Cases against Andy Coulson and eight other journalists accused of bribing public officials have been dropped by the director of public prosecution.
Operation Elveden, which began three years at the expense of around £20m so far, yesterday dropped charges against nine of the journalists from News UK and Trinity Mirror. This followed news that the Sun's night editor Brandon Malinsky, Sun reporter Neil Millard and the Mirror's Graham Brough had been cleared of paying public official’s yesterday at the Old Bailey.
The decision followed a review of the prosecutions use of the charge “conspiracy to commit misconduct in public office”.
Now evidence will be offered against other journalists, which included Coulson and the Sun’s former royal editor, Clive Goodman.
A statement from the Director of Public Prosecution, said: “The importance of a free press is paramount in any democracy and the prosecutions against the journalists involved were considered very carefully.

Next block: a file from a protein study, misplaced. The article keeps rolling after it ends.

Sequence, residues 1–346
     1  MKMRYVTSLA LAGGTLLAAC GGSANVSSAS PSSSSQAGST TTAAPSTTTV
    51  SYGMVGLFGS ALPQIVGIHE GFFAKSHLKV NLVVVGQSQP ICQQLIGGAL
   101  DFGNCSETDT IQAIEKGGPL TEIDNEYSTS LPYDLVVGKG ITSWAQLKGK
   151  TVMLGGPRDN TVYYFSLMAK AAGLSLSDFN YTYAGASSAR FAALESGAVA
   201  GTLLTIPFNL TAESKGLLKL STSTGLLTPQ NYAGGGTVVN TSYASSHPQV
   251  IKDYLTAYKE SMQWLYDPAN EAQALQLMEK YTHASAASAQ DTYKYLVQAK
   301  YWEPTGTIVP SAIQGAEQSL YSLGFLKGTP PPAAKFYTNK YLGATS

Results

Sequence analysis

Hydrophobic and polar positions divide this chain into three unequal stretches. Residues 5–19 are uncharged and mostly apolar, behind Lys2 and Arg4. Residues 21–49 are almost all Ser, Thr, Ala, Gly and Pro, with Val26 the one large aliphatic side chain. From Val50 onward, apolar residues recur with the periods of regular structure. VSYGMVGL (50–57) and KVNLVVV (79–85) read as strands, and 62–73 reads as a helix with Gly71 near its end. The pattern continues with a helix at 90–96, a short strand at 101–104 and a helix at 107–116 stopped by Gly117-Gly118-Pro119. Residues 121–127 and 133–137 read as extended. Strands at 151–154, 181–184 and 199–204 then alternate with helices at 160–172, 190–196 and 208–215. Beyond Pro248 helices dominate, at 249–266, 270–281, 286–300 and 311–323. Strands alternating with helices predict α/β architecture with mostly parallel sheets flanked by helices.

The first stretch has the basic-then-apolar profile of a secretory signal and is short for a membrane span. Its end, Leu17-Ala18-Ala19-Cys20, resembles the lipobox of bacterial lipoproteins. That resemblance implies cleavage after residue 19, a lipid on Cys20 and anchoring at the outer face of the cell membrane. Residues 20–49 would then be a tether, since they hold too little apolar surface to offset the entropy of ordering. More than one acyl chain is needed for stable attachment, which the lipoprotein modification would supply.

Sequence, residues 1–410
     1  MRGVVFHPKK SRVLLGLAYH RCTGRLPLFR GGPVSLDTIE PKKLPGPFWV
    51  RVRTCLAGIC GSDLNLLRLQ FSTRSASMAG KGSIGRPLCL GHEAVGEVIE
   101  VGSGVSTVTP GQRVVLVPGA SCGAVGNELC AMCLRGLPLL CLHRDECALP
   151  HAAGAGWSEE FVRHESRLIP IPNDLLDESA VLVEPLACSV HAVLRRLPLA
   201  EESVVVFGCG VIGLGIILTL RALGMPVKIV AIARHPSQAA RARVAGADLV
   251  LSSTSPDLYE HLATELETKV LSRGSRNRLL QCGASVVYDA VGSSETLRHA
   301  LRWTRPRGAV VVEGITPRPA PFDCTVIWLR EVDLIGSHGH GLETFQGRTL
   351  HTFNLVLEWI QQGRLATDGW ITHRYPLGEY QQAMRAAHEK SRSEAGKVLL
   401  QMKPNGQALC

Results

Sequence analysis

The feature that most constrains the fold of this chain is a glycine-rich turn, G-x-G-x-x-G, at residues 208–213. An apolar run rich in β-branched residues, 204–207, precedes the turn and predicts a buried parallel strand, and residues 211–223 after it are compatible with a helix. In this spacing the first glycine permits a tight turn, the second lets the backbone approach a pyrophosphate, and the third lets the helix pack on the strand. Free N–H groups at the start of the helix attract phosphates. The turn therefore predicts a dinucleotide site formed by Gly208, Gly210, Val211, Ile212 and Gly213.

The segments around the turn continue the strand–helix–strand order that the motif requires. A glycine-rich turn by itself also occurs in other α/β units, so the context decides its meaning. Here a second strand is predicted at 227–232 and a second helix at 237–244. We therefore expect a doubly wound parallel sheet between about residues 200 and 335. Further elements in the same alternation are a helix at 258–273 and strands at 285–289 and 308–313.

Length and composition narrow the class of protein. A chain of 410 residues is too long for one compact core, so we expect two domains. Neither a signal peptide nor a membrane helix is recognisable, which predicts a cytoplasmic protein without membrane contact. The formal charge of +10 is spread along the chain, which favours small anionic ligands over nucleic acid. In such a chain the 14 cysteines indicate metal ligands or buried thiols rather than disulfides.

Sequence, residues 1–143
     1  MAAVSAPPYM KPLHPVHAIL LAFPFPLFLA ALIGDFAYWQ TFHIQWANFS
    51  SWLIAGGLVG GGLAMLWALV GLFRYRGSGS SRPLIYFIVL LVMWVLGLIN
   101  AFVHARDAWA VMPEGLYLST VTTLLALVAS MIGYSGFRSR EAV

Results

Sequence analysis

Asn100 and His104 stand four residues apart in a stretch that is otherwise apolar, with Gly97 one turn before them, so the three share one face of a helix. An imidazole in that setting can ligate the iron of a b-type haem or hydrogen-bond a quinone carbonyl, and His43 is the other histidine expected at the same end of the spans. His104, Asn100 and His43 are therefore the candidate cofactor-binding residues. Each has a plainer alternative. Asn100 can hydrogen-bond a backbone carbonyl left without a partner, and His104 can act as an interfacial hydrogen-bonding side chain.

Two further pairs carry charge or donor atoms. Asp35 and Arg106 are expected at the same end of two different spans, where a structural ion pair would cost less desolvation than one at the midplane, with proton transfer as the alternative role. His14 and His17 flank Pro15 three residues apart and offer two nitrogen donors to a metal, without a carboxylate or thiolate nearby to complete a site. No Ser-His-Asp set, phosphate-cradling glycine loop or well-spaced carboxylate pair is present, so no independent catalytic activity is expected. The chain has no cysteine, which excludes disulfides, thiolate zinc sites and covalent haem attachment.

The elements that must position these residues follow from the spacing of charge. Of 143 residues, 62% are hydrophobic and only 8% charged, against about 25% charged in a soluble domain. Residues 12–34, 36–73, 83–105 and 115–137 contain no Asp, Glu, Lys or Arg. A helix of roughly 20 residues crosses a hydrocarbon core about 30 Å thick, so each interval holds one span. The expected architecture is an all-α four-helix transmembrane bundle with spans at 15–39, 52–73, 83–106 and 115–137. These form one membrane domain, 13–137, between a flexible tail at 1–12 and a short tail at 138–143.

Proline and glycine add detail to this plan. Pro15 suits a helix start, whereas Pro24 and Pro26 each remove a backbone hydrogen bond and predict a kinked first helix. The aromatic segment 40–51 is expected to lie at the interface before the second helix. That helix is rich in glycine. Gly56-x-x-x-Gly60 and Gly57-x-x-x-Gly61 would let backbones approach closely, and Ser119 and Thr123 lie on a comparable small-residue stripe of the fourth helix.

“We have promptly reviewed all the cases within Operation Elveden. At the same time we have updated our guidance. The court of appeal judgment emphasised the high threshold of seriousness required of misconduct in public office.
“It is also said that more consideration should be given to the potential harm, or lack of it, to the public interest in the disclosure of information, as opposed to relying on the strong benefit to the public interest in any resulting story.
“This may result in different considerations when applied to public officials and journalists.”
However, three journalists will still face conviction; Chris Pharo, head of news at the Sun, district reporter Jamie Pyatt, who both face a retrial, and Anthony France, the Sun’s crime correspondent.
In total, 27 journalists were charged under Operation Elveden, resulting in two convictions.